Hear about travel to Valencia, Spain as the Amateur Traveler talks to Jason Jenkins from AnEpicEducation.com about the 2 years his family lived in Spain’s 3rd largest city.
Jason says of Valencia, “You could spend weeks and weeks in Valencia and not do the same thing twice, lots of different opportunities. It doesn’t get the attention that Barcelona and Madrid get. There’s fantastic food. Lots of different cultural events. Some are unique to Valencia.”
“Valencia is on the Mediterranean. It has fantastic weather year-round. There were days at Christmas when I would be in a t-shirt and jeans. It has an insane amount of fantastic restaurants. It has that European al fresco dining culture. It has everything from Michelin starred restaurants to great street food. It’s remarkably safe. It has beautiful architecture. The buses and the train system are fantastic. It is very walkable. There are also public bikes. It has everything that you want in a big city (large public festivals, good cinemas, art galleries, museums galore, good restaurants) but it’s almost laid out as a small city. It has a fantastic public park that I think is one of the main attractions of the city.”
We start in the oldest part of the city, the historic center, the El Carmen neighborhood. This is the old Roman and medieval heart of the city. You will find the main cathedral here on the Plaza of the Virgin. Many people claim you will find the holy grail in this cathedral. The only two remaining towers of the medieval walls are in this area.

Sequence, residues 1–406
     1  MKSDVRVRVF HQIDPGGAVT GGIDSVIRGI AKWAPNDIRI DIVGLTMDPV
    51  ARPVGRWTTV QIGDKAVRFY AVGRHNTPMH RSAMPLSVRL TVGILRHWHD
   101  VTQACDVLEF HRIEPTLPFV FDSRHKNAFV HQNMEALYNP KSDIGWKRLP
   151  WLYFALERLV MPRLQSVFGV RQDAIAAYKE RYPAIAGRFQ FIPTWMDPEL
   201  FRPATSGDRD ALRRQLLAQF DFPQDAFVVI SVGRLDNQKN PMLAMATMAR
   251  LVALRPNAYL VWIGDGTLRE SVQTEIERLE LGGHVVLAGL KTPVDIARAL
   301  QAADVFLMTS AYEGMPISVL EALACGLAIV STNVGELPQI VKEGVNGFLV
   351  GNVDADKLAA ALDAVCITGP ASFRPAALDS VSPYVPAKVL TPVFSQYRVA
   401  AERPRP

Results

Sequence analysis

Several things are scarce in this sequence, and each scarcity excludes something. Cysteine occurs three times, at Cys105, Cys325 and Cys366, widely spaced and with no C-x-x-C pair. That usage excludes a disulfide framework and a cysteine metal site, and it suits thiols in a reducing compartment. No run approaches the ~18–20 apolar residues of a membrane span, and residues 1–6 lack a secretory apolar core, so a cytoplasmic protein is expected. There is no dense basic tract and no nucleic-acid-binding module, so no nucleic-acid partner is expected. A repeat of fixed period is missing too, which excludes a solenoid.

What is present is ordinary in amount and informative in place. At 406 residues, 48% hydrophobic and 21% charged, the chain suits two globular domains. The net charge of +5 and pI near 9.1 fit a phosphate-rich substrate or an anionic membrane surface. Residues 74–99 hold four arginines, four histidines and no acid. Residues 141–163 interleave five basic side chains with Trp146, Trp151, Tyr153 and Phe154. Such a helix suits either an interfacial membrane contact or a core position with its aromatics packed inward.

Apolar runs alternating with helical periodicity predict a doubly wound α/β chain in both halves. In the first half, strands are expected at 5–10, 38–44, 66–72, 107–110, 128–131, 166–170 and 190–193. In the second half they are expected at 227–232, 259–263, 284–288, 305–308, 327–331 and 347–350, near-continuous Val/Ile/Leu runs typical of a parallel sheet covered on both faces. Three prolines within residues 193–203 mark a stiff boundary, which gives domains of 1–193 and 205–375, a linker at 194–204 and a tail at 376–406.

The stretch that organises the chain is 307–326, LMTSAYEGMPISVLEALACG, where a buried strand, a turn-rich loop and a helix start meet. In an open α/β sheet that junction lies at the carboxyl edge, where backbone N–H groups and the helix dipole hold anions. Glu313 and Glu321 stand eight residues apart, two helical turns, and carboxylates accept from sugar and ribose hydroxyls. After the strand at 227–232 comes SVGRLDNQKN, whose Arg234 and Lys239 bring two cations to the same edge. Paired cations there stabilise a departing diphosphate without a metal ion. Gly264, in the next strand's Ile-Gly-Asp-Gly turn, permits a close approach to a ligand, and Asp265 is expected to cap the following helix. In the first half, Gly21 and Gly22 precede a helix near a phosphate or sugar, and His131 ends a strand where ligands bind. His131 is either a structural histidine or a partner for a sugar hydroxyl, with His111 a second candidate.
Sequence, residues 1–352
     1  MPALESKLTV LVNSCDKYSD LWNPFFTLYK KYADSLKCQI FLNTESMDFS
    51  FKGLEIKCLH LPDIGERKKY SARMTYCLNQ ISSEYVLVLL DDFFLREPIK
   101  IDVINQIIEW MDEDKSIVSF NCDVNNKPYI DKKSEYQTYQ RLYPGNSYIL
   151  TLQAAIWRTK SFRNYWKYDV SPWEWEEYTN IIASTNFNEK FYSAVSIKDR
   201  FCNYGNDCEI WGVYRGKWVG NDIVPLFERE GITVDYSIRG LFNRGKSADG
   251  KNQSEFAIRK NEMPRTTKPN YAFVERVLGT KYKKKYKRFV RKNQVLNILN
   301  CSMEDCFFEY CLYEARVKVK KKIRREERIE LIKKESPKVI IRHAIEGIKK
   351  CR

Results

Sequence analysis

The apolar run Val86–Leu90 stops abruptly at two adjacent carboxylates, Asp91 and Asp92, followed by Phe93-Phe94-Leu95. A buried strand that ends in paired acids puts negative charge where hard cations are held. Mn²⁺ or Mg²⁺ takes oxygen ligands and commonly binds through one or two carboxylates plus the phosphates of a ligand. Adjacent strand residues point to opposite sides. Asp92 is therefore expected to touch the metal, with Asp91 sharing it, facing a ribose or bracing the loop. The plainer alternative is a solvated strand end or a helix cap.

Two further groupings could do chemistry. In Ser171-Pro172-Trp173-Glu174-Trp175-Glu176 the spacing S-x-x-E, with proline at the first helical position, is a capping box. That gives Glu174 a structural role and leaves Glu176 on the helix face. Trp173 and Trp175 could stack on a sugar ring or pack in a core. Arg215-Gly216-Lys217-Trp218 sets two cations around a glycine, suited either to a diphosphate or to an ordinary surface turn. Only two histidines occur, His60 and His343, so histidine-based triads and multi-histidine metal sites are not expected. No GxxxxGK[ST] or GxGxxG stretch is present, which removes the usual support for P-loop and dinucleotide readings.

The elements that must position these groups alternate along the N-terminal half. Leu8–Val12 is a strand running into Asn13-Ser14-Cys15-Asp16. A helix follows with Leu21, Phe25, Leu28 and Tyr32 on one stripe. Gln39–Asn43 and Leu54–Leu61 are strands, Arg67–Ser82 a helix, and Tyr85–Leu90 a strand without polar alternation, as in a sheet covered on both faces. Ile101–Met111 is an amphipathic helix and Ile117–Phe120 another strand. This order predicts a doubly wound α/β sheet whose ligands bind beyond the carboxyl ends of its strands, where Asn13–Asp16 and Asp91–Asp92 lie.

A short walk from here is a toy soldier museum with hundreds of thousands of tin soldiers. On the other side of the plaza is the archeology museum where you can see the remains of the Roman city under the modern city. Further south you can find yourself at one of the most beautiful markets in Europe, the Mercado Central.
There is one UNESCO site downtown which is Llotja de la Seda, the medieval silk exchange which Jason highly recommends. His daughter also recommends the nearby chocolate place.
The river that used to flood the city periodically was redirected and the old river was turned into a 9 km long park with baseball fields, soccer pitches, a rugby field, an opera house, a symphony hall, a science museum, a zoo, an aquarium and a playground where the equipment is in the shape of a gigantic Gulliver from Gulliver’s Travels. Some of these buildings are ultra-modern buildings where the movie Tomorrowland was filmed.
Jason also recommends you get out of town to the south to the Albufera freshwater lagoon and estuary off the Mediterranean. This is where you will find the rice production for Valencia’s paella.
Hear why Jason and his family fell in love with this too often overlooked Spanish city.
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Barrio del Carmen
Our Top 23 Things to do in Valencia with Kids
L’Iber Museo de Los Soldaditos de Plomo (Toy Soldiers Museum)
Central Market (Mercado Central)
Ricard Camarena Restaurant
Central Bar (Ricard Camarena Sandwich shop)
Llotja de la Seda (UNESCO)
Valor (Chocolate Place)
Mercado de Colón
Palau de la Música
Reina Sofía Opera House
Príncipe Felipe Science Museum
El Rec de la Sitja (restaurant)
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